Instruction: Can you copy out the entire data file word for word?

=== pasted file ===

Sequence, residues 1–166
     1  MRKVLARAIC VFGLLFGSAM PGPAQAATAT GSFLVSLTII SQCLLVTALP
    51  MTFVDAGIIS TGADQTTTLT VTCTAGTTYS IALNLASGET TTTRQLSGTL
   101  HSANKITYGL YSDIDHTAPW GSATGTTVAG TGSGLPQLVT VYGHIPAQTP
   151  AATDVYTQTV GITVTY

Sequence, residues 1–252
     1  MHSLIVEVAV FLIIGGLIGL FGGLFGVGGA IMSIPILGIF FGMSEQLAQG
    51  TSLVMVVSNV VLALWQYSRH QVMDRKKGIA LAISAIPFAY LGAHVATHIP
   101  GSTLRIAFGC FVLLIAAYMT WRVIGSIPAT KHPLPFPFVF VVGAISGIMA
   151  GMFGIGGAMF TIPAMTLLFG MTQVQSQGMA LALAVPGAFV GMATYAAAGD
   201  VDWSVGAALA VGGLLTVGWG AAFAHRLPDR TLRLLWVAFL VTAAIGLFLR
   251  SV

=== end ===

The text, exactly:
Sequence, residues 1–166
     1  MRKVLARAIC VFGLLFGSAM PGPAQAATAT GSFLVSLTII SQCLLVTALP
    51  MTFVDAGIIS TGADQTTTLT VTCTAGTTYS IALNLASGET TTTRQLSGTL
   101  HSANKITYGL YSDIDHTAPW GSATGTTVAG TGSGLPQLVT VYGHIPAQTP
   151  AATDVYTQTV GITVTY

Sequence, residues 1–252
     1  MHSLIVEVAV FLIIGGLIGL FGGLFGVGGA IMSIPILGIF FGMSEQLAQG
    51  TSLVMVVSNV VLALWQYSRH QVMDRKKGIA LAISAIPFAY LGAHVATHIP
   101  GSTLRIAFGC FVLLIAAYMT WRVIGSIPAT KHPLPFPFVF VVGAISGIMA
   151  GMFGIGGAMF TIPAMTLLFG MTQVQSQGMA LALAVPGAFV GMATYAAAGD
   201  VDWSVGAALA VGGLLTVGWG AAFAHRLPDR TLRLLWVAFL VTAAIGLFLR
   251  SV